Shure Bluetooth 5.0 Earphone Communication Cable

It used to be on my commute that I'd see my fellow subway riders listening to music on their iPods with headphones from Beats, Bose, Sennheiser, Sony—and even, occasionally, from Grado. These days, however, iPhones and Android smartphones are ubiquitous, and while I still sometimes see a pair of Beats, many travelers now wear Bluetooth-connected Apple AirPods. I haven't bought a pair of AirPods, so I don't know how they sound, but at $159, I suspect they don't compete with "legitimate" headphones. Even so, I wondered if convenience trumps sound quality when it comes to listening on the move. So when I saw that Shure had introduced a Bluetooth adapter for their line of sound-isolating in-ear monitors, I asked for a review sample (footnote 1).

The Bluetooth 5.0 Earphone Communication Cable ($149) offers support for the aptX, aptX HD, aptX Low Latency, AAC, and SBC audio codecs. Two short cables that spring from a small Bluetooth receiver and DAC module connect to the two earpieces. An inline remote with microphone control is mounted halfway up one of the earpiece wires, and a hinged cover on the module's base opens to reveal a USB-B Micro jack to charge the battery. Up to 10 hours of playing time is said to be possible on one charge (compared with the AirPod's five hours), with up to 350 hours of standby time.

As well as the Bluetooth 5.0, Shure sent me a pair of their SE535 in-ear headphones ($449). The triple-driver "acoustical engine" of the SE535, which was introduced in 2011, is almost the same as that used in Shure's earlier SE530, which was favorably reviewed by the late Wes Phillips in December 2007. (Shure says that the SE535 has a refined acoustic network in the front section of the earphone, which results in a "slight increase in clarity and a bit wider soundstage" (footnote 2).

The Bluetooth 5.0 cables plug into the Shure IEM earpieces, so using the Bluetooth 5.0 was simply a matter of replacing the SE535's regular cables with those of the Bluetooth adapter. Pressing and holding the raised center button on the inline remote turns the Bluetooth module on or off. (The two other buttons adjust volume up and down.) To pair the Shure adapter with a Bluetooth data source such as a smartphone, you hold down the center button while the source searches for Bluetooth devices. Pairing is automatic; the Shure then appears in the smartphone's Bluetooth menu as "Shure BT2."

Regular readers will be aware that I'm a bit sniffy about Bluetooth-connected audio products, because of the necessary use of a lossy codec to reduce the data rate to match that of the wireless link. Qualcomm's aptX is used in Android phones and desktop Macs but not in Apple's iOS devices, which offer Apple's AAC as their Bluetooth audio codec in place of the earlier, sonically compromised SBC codec. The aptX codec trades off low-level resolution in favor of preserving a random noise floor, and is widely regarded as sounding better than AAC, which appears to try to preserve resolution at the expense of noise-floor modulation and the introduction of enharmonic spuriae (footnote 3).

So how did it sound? While the Shure SE535 IEMs still sounded better when driven directly by my iPhone 6S—though not equaling Shure's electrostatic KSE1200SYS in transparency and low-frequency weight—their Bluetooth-connected, AAC-encoded sound wasn't as inferior as I'd expected. The orchestral climaxes in George Vatchnadze's performance of Rachmaninoff's Piano Concerto 2, with Jansug Kakhidze conducting the Tbilisi Symphony Orchestra (16/44.1 ALAC rip from CD, Sony Classical Infinity Digital 62294, converted on the fly to AAC), were more congested, but much of the time this wasn't an issue.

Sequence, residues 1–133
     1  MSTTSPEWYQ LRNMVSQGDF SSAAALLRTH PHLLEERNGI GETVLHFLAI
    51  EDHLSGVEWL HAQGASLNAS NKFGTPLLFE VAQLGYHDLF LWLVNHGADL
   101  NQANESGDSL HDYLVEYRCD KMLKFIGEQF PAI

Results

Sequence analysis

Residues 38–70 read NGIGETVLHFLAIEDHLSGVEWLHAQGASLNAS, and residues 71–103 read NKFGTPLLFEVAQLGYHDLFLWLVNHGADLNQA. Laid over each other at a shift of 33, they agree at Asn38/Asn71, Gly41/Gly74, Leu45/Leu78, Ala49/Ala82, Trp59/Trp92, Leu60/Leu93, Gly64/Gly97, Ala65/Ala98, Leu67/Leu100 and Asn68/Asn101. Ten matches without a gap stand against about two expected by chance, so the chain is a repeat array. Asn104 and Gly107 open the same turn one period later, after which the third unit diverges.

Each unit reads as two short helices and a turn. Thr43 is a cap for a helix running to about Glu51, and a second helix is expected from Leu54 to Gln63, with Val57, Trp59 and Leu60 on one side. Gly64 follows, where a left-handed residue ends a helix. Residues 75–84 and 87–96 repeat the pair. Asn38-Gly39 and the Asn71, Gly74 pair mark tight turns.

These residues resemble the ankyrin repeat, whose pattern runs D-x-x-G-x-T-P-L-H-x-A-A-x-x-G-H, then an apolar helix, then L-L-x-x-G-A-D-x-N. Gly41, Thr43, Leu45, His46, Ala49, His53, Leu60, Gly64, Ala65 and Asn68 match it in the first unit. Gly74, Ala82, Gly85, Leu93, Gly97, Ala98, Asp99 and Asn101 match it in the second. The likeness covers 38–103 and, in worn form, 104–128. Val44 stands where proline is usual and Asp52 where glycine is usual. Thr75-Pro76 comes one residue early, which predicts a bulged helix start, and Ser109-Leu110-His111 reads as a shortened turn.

Hard-driving rock wasn't served quite as well as classical music. My go-to track for headphone testing is "Bullet with Butterfly Wings," from the Smashing Pumpkins' Greatest Hits: Rotten Apples (256kbps MP3 file, Virgin). Due to what I believe is the cascading of codecs—MP3 converted to PCM, then converted to AAC for transmission—this track was reproduced with appropriate force but with an increase in midrange congestion compared with the direct connection from the iPhone.

Even so, if you already own a pair of Shure's in-ear monitors, the Bluetooth 5.0 Earphone Communication Cable will eliminate the wires from your subway ride with only a small penalty in sound quality.

Footnote 1: Manufacturer: Shure Inc., 5800 W. Touhy Avenue, Niles, IL 60714-4608. Tel: (800) 257-4873, (847) 600-2000. Fax: (847) 600-1212. Web:

Footnote 2: In May 2011, for our InnerFidelity website, Tyll Hertsens examined the technology used in Shure's SE line, including the SE535.

Footnote 3: See my measurements accompanying Sam Tellig's review of Arcam's rBlink Bluetooth DAC in December 2013.

Shure Inc.
5800 W. Touhy Avenue
Niles, IL 60714-4608
(800) 257-4873

tonykaz's picture

First time I've ever seen the word in use, it conjures up a Judge in the Old Bailey Courthouse dressing down our wonderful Rumpole.

A nice visual "mind's eye" image of Disdainful & Supercilious !

Thanks for reminding me of Shure, again.

Tony in Michigan

ps. I tried to make Shure as Schiit work but can't quite do it. I'll settle for Shure & Schiit . ( + Etymotive )

monetschemist's picture

Based on Tyll's review of the whole Shure line here

I bought a pair of 215s for travel, and I've been very happy with them since. I have some Etymotics as well, which isolate better, but I find they become uncomfortable after an hour or so (in other words, not much use on my regular 10+ hour commute). I can wear the Shures for an extended period without a problem. When the background is provided by a pair of big jet engines, the ultimate in resolution isn't an issue.

Lately I've been using them with an Xduoo X3 II bought from Massdrop. I think this is cheaper than the Bluetooth adapter and with a 500GB memory card, certainly an alternative worth considering.